Ohhh Crap!

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Ohhh Crap!

Postby OutboardBoy3 » Mon Nov 13, 2017 6:06 pm

I recently was changing an impeller on my Elgin 5.5hp, when I over tightened the bolt that holds the gear case onto the lower unit, and I forgot about a hairline crack that it had in it to start, and to my luck it broke off. Any suggestions of where I can find another gear case, or of a simple but reliable repair? Thanks.
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Re: Ohhh Crap!

Postby FrankR » Mon Nov 13, 2017 8:04 pm

Fortunately, that was a very common lower unit back in "The Day". Try a free want ad on this site's Webvertize classified ads pages.

Jeff Register
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Re: Ohhh Crap!

Postby Jeff Register » Mon Nov 13, 2017 8:08 pm

No worrys,
It didn't end up underwater. It had failed before you assembled, :D

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Re: Ohhh Crap!

Postby chas56x » Tue Nov 14, 2017 12:12 pm

Take the broken parts to a propeller repair shop. They can weld the broken part back on.

jw in dixie
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Re: Ohhh Crap!

Postby jw in dixie » Tue Nov 14, 2017 12:31 pm

Had a good welder try to repair a freeze crack in a KG7 foot - had to use apply much heat with a rose head torch that the casting sagged. :cry: Said the metal was poor and porous - some oil entrapped.

Long time ago - methods have probably improved. Wish I had used JB Weld - would have worked.
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Garry in Tampa
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Re: Ohhh Crap!

Postby Garry in Tampa » Tue Nov 14, 2017 3:01 pm

First you have to clean out the cracks . . . Image
Then you use the aluminum braising rod to seal 'em up . . . :D

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Re: Ohhh Crap!

Postby 20mercman » Wed Nov 15, 2017 2:31 pm

JW, your welder must have been having a poor day..... :roll: I have welded lots of lower unit cases. The case on my "Johnny Cash" Mk-25 had the gear sticking out the side of the case. It runs great now!
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These all have a lot of oil soaked into the aluminum. Also, I think a lot of our post war motors were melted down B-17's and etc. They were not the best castings, and when you weld, the impurities will boil out. You have to just grind it off and try again. That may be what he was trying to do with the rose bud, burn out the oils etc., but he got carried away.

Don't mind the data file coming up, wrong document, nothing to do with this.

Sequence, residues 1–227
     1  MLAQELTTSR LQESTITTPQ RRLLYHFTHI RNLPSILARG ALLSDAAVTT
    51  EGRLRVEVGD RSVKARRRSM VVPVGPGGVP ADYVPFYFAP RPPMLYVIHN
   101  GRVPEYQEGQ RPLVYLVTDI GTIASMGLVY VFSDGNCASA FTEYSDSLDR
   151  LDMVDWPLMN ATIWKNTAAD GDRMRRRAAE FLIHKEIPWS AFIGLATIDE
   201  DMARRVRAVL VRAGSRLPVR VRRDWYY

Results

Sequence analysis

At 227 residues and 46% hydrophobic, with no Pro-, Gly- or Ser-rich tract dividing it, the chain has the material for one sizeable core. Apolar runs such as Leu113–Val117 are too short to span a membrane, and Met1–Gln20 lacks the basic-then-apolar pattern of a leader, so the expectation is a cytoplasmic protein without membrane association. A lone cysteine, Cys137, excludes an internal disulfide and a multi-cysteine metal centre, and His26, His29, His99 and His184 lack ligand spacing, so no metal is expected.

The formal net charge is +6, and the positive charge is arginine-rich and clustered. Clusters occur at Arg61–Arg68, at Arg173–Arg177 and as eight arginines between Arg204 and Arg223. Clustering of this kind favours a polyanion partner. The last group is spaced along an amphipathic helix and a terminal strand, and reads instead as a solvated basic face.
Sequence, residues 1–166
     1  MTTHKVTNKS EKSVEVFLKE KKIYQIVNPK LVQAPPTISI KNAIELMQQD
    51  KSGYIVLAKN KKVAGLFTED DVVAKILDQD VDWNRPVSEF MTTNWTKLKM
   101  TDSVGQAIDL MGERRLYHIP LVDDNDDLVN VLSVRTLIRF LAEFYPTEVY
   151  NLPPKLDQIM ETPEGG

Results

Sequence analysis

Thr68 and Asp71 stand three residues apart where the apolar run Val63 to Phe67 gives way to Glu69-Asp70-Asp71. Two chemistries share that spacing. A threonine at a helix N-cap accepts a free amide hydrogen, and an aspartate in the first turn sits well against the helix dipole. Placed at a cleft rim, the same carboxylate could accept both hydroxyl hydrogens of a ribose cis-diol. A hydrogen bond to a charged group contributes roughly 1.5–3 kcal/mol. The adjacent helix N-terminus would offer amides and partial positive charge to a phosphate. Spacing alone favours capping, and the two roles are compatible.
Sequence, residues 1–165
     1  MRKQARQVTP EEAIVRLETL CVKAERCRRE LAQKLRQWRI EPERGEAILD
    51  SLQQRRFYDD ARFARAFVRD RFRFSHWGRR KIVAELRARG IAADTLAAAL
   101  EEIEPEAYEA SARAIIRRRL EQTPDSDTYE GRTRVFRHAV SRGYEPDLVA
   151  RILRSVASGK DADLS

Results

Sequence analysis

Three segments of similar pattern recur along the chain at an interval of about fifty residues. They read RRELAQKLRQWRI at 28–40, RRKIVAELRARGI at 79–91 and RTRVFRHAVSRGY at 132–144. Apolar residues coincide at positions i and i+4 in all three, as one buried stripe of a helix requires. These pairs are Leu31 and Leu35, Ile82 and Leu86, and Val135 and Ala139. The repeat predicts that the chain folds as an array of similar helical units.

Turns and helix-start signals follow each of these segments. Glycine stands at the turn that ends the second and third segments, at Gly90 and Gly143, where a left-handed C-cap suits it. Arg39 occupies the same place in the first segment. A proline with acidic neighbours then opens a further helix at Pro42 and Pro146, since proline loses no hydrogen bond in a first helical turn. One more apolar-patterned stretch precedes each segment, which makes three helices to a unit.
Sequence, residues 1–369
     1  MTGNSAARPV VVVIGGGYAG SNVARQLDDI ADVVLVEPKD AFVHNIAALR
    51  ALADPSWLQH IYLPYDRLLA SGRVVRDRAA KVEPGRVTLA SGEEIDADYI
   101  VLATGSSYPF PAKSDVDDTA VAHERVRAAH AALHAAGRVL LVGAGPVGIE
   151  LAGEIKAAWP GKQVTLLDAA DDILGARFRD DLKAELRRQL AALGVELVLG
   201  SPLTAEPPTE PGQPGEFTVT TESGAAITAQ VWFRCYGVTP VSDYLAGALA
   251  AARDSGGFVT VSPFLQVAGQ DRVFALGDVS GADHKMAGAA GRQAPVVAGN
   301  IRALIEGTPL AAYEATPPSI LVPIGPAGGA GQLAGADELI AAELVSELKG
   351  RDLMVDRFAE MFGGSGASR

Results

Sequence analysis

What is that Elgin case off of anyway?


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Re: Ohhh Crap!

Postby ryanjames170 » Wed Nov 15, 2017 4:28 pm

Depending on what it's maDE out of u probably can get it welded
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Re: Ohhh Crap!

Postby Buccaneer » Thu Nov 16, 2017 8:20 am

As an interesting "side note" regarding quality of aluminum -
While working on my 1936 A-80 Johnson, I seen the name
"TENUAL" cast in the crankcase. Research shows that name
is associated with a foundry in Ohio that bought up the
aluminum scrap from the Hindenburg.

Perhaps parts of some Johnson outboards have some "Hindenburg"
lineage in them?

Hindenberg scrap used for FDNY doors?
« on: June 11, 2015, 11:37:36 PM »
Here's an interesting tidbit, the aluminum door on my VF post has the name "TENUAL" inside, I've connected that as a possible brand name that the National Bronze and Aluminum Foundry Co. once located in Cleveland, Ohio, turns out the name is found on automobile engine parts made back in the 1930s, obviously this large foundry made a variety of aluminum parts, so replacement doors for the Fire Dept in NYC makes sense.

Even more interesting is that in Oct 1937 a tiny blurb in the Pittsburgh Press paper mentioned that this foundry had acquired the 150,000# of scrap metal that was the wreckage of the Hindenburg. Part of the contract specified that the metal could not be used for ashtrays, bookends, or similar items.
The approximate time frame of 1937 fits about when many of the fire box doors were updated with new aluminum doors, and the TENUAL name indicates this foundry made them, it would make perfect sense given the contract about ashtrays and bookends, that they very likely would have come up with the perfect items to use some of the metal for- public safety related equipment.
It's conjecture on my part but several things seem to point to this being a very distinct possibility that at least some of the aluminum in the doors came from the Hindenburg scrap.
The Hindenburg was made from an aluminum/copper alloy called Duralumin, it was aluminum with about 4% copper added for hardness, it was invented in 1909 after discovering the alloy would get harder over several days after quenching it.

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Re: Ohhh Crap!

Postby 49Hiawatha » Thu Nov 16, 2017 8:44 am

Korean War (1948-53) OB motor metals were also impacted by the restrictions placed on manufacturers. Various metals were managed by Federal Standards due to the need for War Materials. Metal composition is a common NOS problem among vintage cars..."pot metal" sucks and repro stuff can be better. I have had vintage NOS metals/chromed in original packaging , never used, have erruptions in the metal...soooo?

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